Leadership has been defined in a number of ways, but the end result should always be to the benefit of one another, our Soldiers, our military, and our country. Leadership as defined by the Army, uses phrases such as “influencing others” and “providing purpose, direction and motivation.”[i]

This is still true, but the focus of a leader should be on the effects of his or her leadership. Further, if leaders do not grasp the “human aspect” of leading, how can the organization improve? A number of us may overlook the cause and effect of leadership or the lack thereof. Poor leadership or leadership “in part” will not result in just failure alone when the cost paid for the lack of leadership may be another human life.

Leaders at every level should agree that there are two elements that make up any mission-oriented organization, those who follow during mission execution and the select few who lead them. Both are required to achieve any task that places the organization in a tactical advantage over another or to restore security. Failure by either will leave the unit with an incomplete task and lack of sufficient support to accomplish it to the fullest benefit of the organization.

ArmyStrongFrom our perspective, the odds will not be in favor of those left to deal with the failure of any leader or subordinate. Most of the failures of subordinates can be traced to their leaders. However, after a leader has implemented every measure of instruction and attention that can be given, a subordinate may still make the wrong choice. He or she is, in fact, just as human as their leaders, and that Soldiers’ free will may not always sway to do what is right. Regardless of the origin of the fault, we as leaders accept responsibility for what our subordinates do right and wrong. This approach to leading helps leaders to focus even further on their subordinates. The Army is the one institution in which the leader accepts the fault for what their subordinates fail to do. There is no blame. With regard to ethical decisions, there may be an unseen flaw within the subordinate’s moral judgment and character. As leaders, we spend time guiding subordinates both during training and after hours with regard to their personal actions and choices. We remind them that poor choices can lead to adverse actions which will be detrimental to their privileges and rank. How often do we convey to our subordinates the “effects” that their actions can have on others in the organization? How can we as leaders become more efficient in identifying the start of potential issues if the leader is not involved in the personal lives of their subordinates?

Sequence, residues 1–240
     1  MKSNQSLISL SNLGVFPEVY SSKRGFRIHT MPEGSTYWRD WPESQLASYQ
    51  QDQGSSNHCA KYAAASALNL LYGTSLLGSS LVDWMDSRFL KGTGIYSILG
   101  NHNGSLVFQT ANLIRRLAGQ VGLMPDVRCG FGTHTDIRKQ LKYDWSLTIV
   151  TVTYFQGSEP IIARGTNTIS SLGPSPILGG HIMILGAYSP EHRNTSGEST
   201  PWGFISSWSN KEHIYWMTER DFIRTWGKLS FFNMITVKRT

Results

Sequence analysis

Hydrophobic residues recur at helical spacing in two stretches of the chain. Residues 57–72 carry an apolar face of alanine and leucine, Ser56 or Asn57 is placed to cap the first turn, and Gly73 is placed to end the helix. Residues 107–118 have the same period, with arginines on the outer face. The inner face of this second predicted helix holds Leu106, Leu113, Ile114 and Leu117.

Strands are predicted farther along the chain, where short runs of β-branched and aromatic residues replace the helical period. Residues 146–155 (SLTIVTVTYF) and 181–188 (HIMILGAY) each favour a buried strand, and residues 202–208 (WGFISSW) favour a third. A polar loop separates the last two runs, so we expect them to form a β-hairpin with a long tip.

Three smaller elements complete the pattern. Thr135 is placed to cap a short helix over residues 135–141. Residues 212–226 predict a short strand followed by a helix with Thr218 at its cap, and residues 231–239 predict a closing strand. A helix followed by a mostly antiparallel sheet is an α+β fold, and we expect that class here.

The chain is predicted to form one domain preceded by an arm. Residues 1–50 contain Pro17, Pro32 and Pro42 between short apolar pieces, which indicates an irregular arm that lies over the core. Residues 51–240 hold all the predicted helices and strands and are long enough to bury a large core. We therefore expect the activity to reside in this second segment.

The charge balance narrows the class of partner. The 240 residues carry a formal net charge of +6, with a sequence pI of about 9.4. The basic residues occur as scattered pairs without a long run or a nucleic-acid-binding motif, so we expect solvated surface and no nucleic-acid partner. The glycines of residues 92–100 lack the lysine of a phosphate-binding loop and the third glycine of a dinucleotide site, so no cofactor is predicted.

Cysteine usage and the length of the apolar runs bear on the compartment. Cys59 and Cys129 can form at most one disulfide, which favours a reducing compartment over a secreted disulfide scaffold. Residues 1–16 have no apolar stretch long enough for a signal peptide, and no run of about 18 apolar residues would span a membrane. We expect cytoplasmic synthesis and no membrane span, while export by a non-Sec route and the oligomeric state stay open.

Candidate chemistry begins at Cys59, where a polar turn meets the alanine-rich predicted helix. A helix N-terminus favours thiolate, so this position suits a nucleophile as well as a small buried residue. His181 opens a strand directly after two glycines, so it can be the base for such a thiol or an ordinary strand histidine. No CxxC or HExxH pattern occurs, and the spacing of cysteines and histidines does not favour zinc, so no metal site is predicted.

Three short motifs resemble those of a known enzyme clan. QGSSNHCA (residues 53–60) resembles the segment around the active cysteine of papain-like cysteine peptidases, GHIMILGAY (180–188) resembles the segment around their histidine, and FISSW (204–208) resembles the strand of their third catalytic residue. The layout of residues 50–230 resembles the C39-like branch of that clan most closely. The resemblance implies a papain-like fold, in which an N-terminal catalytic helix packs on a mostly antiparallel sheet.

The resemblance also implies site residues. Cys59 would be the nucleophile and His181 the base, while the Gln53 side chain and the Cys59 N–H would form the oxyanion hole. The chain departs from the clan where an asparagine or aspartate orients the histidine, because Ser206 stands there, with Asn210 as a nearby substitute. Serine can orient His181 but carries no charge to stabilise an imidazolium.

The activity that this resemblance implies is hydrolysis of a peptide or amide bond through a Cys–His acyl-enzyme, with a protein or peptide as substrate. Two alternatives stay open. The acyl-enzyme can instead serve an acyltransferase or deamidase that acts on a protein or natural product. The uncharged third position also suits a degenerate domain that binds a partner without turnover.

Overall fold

Rank has never been a requirement to lead. Rank never compels a Soldier to push himself beyond the limitations of his mind. Determined young Specialists can take charge and lead if they have been under sound leaders during the first part of their tenure in the military. Many of us have seen this. Rank is needed, but it is nothing more than a visual hierarchy that displays a level of authority that an individual leader has been entrusted with, not entitled to, for his or her position of duty. It is visible within the organization at every level. Our character must be balanced with regard to the rank that we hold and the rank that we advance to. At one end of the extreme, if we are not balanced in character, we run the risk of abusing our authority. Worse yet, at the other end, we fail to provide for our subordinates in training or human needs.